Major Depressive Disorder - MDD

Major Depressive Disorder – MDD

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Depression (Major Depressive Disorder – MDD)

Depression is the term commonly given to the mental illness with the medical name Major Depressive Disorders. Symptoms and diagnostic criteria are included in the DSM-5 (The Diagnostic and Statistical Manual – Fifth Version, published by the American Psychiatric Association or APA).

Seretonin deficiency has most often been attributed to depression in individuals, along with low self-esteem, external locus of control and negative and self-blaming ways of thinking. The class of drugs mainly used to treat depression are SSRIs (Selective Seretonin Reuptake Inhibitors). Perhaps the best known drug of this class is Prozac (the brand name for fluoxetine).

Cognitive-Behavioural Therapy or CBT also helps alleviate the disease’s symptoms. Psychological studies have shown that a pharmacological approach combined with CBT gives the best results.

Some patients cannot take antidepressants because it produces hypomania in them. Also, patients with Bipolar Disorder have to take mood stabilizers, such as Lamotrigine, for their depressive episodes because antidepressants could trigger a manic episode.

Depression is not weakness of character, as it was once considered. Numerous neuroimaging studies have shown brain differences in people with MDD as opposed to controls. Both neurochemical and structural differences were seen in the comparisons of the subjects’ brains.

Prolonged, untreated and severe MDD may lead to brain atrophy. For example, in one study mice who were depressed had damage to the hippocampus, the brain structure responsible for memory. However, mice who exercised exhibited neurogenesis or the birth of new neural cells.

Depression feels awful. Nothing that one loved or enjoyed before seems appealing anymore. One symptom is social isolation. When you are depressed, you do not feel like socializing with anyone. Nonetheless, psychiatrists and psychologists alike, recommend social support as a contributing factor to relieving the illness.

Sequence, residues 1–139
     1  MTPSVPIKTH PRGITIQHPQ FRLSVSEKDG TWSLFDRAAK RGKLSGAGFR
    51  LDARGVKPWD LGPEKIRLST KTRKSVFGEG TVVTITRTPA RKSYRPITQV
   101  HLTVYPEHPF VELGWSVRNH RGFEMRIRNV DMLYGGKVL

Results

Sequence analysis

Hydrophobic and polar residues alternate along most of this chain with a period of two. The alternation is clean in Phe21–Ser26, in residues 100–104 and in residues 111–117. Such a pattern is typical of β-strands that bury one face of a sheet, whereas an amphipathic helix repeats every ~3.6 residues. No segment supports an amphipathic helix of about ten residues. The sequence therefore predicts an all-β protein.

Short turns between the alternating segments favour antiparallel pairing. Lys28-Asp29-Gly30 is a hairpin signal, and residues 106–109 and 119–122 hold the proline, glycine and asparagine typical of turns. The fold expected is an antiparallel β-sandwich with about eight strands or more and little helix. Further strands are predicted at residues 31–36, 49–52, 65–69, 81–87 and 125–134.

Depression is cyclical, in the sense that it comes and goes. Someone who has had one episode of depression is likely to have another one, while untreated depression sometimes goes away on its own. Nevertheless, depression is a very dangerous mental illness. Individuals with MDD may commit suicide.

Neurochemical imbalances in the brain almost always lead to some consequences. Take dopamine, for example. The illicit street drug cocaine produces a rush that releases an extreme amount of dopamine into the brain. Dopamine is a neurotransmitter involved in the reward circuitry. Thus, once the user becomes habituated to the high, nothing else can produce those emotions. Apparently, the euphoria felt during a cocaine high is only comparable to that felt after a huge accomplishment, if then.

Natural ways of battling depression or just depressed mood (two very different things!) include exercise, since it produces endorphins. Endorphins are the body’s own feel-good mechanisms. Other methods include eating pasta and turkey. Both foods contain tryptophan, a precursor to serotonin (the main neurotransmitter lacking in quantity in persons with Major Depressive Disorder).

Depression (the terms “depression”, “Major Depressive Disorder” and “MDD” are used interchangeably throughout the paper) presents selective attention. People with the condition tend to pay attention only to negative aspects of their lives. They focus on failures, on losses, on shortcomings, on bad luck. Indeed, this may be exactly why CBT has been documented as more effective in treating MDD than medication alone. CBT teaches healthy ways of thinking, because its premise lies that thoughts lead to feelings and emotions, which in turn lead to behaviour. By eliminating negativity and creating positivity, depressive symptoms may gradually be relieved.

Of course, the present paper is for informational purposes only and does not constitute medical advice. The following article about depression or Major Depressive Disorder (MDD) cannot be used for diagnosis. If you or someone you know has suicidal ideation, seek professional help immediately.

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